Four quadrant gates are intended to completely block all road
lanes on both sides of the tracks at the grade crossing and thus
eliminate the gate runaround scenario. They are effective in
preventing accidents by effectively sealing the crossing from
vehicles. However, slow-moving vehicles could conceivably be
trapped in the railroad zone after the gates descend. Vehicle
Presence Detectors (VPD) are often installed that sense the
presence of slow-moving vehicles to keep the "supplemental" exit
gate arms in the vertical position until all vehicles have cleared
the track crossing area. The FRA also requires that four quadrant
gates include constant warning time circuitry and signs alerting
motorists that the train horn does not sound. The cost for a
four-quadrant gate system is relatively expensive compared with
other SSM options. Furthermore, the railroads have issues
regarding the additional maintenance costs, especially maintenance
of the Vehicle Presence Detector system.
Tell me more about Permanent Crossing Closure
The grade crossing is permanently eliminated so that vehicles have
to use other at-grade or grade separated crossings.
Tell me more about Temporary Crossing Closure
The temporary closing of the crossing during the same period every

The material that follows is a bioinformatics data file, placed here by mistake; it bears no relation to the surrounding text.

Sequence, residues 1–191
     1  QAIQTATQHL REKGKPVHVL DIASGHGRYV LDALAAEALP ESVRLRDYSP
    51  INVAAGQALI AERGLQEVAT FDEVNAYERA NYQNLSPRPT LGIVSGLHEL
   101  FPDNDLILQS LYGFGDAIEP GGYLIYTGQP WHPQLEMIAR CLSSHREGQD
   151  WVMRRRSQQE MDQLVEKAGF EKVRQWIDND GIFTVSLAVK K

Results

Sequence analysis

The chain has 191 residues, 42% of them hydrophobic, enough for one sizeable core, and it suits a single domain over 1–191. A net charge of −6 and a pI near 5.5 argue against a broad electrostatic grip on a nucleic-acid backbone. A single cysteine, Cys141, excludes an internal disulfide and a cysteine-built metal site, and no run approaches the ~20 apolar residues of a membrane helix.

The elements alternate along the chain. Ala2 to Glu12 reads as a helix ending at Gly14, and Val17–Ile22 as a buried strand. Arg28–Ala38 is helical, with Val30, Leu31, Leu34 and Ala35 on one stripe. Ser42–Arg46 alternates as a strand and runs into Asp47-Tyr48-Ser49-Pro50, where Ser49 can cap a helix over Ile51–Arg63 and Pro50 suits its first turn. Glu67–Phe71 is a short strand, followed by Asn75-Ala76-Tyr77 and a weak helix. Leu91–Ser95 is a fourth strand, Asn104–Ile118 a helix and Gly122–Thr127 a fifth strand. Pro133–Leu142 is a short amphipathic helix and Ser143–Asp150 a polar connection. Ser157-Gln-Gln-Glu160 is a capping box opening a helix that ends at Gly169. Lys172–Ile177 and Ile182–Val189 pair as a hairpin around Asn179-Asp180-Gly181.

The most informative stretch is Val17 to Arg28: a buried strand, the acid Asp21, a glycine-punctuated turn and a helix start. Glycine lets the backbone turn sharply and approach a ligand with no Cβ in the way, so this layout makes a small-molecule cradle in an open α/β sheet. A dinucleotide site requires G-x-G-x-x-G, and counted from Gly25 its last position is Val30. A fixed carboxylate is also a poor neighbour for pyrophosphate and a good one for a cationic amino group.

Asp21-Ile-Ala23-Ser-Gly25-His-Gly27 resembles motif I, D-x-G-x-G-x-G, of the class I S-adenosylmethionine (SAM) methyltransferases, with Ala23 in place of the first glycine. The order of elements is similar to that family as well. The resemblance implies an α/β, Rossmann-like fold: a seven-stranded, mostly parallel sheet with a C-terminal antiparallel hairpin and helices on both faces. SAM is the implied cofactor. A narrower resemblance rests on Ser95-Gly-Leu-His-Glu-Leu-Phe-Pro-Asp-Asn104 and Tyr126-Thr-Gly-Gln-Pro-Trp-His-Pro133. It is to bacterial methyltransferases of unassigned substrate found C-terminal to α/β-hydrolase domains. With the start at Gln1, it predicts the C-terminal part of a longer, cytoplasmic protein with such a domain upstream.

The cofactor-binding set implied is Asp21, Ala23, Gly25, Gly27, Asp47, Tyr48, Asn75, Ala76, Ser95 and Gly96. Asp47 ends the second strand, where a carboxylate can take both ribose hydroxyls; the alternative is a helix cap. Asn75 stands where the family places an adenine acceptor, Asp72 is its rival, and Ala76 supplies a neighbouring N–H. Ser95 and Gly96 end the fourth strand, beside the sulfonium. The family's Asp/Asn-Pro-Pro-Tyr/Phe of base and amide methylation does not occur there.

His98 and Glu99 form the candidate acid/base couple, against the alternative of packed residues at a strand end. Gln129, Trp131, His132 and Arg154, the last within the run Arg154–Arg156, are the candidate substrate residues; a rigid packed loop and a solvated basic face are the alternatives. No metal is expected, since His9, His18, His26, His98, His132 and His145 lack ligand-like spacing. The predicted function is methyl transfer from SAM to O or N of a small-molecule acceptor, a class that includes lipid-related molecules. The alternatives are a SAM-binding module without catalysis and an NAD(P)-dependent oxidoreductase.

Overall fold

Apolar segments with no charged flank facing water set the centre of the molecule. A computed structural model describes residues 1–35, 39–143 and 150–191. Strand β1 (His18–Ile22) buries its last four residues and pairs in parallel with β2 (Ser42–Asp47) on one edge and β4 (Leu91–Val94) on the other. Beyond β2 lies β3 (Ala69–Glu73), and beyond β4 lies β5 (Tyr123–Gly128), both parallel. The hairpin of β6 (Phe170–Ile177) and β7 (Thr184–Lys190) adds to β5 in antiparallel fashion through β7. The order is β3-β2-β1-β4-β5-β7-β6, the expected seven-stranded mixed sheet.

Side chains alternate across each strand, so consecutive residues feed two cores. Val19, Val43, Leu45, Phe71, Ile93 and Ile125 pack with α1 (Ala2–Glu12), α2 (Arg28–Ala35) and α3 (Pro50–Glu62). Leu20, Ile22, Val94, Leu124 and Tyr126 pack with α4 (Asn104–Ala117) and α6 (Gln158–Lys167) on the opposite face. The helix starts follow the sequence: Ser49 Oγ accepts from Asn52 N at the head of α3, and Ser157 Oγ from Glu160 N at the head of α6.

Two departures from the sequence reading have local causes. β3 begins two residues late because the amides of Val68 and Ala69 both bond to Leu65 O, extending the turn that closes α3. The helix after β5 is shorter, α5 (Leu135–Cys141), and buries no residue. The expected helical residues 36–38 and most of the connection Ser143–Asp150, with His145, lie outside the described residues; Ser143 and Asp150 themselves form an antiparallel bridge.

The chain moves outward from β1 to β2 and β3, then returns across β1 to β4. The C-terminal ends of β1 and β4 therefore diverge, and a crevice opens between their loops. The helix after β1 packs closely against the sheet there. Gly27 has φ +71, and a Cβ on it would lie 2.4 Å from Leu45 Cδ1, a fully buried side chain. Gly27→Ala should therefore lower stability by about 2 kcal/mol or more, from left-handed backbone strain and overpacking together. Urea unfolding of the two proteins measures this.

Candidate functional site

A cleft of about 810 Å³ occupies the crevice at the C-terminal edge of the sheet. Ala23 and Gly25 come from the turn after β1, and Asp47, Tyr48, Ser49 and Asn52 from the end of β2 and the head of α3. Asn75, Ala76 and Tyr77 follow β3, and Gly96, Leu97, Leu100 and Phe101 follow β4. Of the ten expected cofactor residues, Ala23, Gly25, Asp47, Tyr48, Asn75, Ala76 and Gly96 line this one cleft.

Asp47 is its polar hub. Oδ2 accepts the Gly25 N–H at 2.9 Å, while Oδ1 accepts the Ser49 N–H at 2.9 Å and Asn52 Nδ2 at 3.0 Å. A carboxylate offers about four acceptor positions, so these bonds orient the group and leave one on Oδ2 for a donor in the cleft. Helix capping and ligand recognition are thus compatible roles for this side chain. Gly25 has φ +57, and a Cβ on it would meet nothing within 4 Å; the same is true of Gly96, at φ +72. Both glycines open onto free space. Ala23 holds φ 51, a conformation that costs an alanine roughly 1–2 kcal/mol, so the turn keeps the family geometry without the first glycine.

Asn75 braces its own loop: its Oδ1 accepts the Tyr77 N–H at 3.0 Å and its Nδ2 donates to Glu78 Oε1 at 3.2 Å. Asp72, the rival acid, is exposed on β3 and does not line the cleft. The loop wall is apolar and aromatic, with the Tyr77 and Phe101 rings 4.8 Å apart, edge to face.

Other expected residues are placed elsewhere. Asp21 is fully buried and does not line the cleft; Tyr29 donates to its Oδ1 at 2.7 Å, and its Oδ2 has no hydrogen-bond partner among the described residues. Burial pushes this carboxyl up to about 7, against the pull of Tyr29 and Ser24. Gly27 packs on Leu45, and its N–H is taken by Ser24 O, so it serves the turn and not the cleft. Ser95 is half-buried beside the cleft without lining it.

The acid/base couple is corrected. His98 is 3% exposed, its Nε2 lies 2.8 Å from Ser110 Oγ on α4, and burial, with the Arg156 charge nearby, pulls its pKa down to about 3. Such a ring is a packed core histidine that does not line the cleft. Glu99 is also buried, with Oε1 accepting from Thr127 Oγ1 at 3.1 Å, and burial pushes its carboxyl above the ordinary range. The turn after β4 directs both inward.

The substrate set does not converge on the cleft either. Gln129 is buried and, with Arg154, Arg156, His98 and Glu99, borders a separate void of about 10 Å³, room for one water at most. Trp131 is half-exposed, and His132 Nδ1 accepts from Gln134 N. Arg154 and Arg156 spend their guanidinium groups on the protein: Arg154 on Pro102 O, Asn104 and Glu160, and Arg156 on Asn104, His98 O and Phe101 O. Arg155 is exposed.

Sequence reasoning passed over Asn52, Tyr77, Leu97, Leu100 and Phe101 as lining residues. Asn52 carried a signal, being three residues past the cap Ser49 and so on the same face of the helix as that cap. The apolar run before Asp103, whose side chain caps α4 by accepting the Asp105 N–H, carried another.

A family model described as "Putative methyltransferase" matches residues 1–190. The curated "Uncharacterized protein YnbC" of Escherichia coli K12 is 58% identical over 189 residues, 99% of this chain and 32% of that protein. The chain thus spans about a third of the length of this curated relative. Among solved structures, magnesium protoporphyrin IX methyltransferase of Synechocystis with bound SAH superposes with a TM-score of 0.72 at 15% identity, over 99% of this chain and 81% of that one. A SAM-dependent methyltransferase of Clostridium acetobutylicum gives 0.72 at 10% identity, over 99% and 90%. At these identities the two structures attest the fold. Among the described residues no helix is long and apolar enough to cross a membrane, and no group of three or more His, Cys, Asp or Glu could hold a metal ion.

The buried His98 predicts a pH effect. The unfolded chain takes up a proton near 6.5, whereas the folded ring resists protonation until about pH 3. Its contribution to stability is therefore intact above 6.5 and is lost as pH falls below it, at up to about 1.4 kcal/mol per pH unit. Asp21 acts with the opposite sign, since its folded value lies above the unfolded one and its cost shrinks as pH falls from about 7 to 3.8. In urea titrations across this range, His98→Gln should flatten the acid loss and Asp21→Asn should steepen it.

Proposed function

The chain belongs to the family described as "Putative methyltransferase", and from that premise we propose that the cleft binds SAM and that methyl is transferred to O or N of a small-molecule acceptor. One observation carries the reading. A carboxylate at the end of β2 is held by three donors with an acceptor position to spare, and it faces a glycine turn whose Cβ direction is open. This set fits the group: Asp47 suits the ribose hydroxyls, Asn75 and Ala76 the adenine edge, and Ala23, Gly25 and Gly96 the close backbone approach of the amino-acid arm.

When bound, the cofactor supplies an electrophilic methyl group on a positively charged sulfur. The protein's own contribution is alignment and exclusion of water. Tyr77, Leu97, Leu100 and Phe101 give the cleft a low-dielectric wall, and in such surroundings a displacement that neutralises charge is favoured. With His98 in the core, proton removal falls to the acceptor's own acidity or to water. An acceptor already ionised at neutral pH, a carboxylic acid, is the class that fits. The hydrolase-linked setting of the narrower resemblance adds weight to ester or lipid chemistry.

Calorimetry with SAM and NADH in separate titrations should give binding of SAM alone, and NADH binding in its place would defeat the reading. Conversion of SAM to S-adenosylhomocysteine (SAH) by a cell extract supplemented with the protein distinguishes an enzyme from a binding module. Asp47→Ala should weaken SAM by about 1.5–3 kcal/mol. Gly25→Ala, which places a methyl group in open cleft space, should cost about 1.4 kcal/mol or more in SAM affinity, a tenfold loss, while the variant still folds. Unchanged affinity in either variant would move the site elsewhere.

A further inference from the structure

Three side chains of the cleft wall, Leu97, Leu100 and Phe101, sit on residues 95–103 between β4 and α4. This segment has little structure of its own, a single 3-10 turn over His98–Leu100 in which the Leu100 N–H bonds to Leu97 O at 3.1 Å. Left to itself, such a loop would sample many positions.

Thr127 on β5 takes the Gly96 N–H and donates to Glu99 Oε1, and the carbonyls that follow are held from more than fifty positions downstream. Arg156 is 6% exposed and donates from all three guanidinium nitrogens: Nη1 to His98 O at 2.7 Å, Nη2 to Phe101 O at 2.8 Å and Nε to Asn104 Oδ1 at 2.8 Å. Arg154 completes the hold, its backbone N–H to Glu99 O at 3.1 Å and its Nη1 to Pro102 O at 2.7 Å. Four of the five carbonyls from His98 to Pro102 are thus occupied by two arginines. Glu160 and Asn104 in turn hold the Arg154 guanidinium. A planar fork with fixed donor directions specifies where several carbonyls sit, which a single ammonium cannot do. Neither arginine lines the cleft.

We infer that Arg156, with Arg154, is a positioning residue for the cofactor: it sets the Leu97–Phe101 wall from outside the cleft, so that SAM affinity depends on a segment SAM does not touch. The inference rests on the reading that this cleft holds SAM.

24 hours will allow the locomotive engineer to silence the train
horn during the period when the crossing is closed. When the
crossing is physically closed by barriers, a relay automatically
activates a "crossing closed" signal that confirms to the
locomotive engineer that the crossing is closed. As long as the
locomotive engineer can see the "crossing closed" confirmation
signal, he will not be required to sound the train horn.
What are Alternate Safety Measures?
Alternate Safety Measures (ASMs) are safety systems or procedures,
other than Supplemental Safety Measures, that are provided by the
Public Authority and after review and analysis by the FRA are
determined to be an effective substitute for the locomotive horn.
Examples of Alternate Safety Measures are:
- Supplemental Safety Measures that do not fully comply with
the FRA requirements;
- Programmed Law Enforcement;
- Public Education and Awareness; and
- Video Enforcement
Programmed Law Enforcement involves the
ongoing measurable monitoring and traffic law enforcement of the
crossings within the Quiet Zone.
Public Education and Awareness is directed at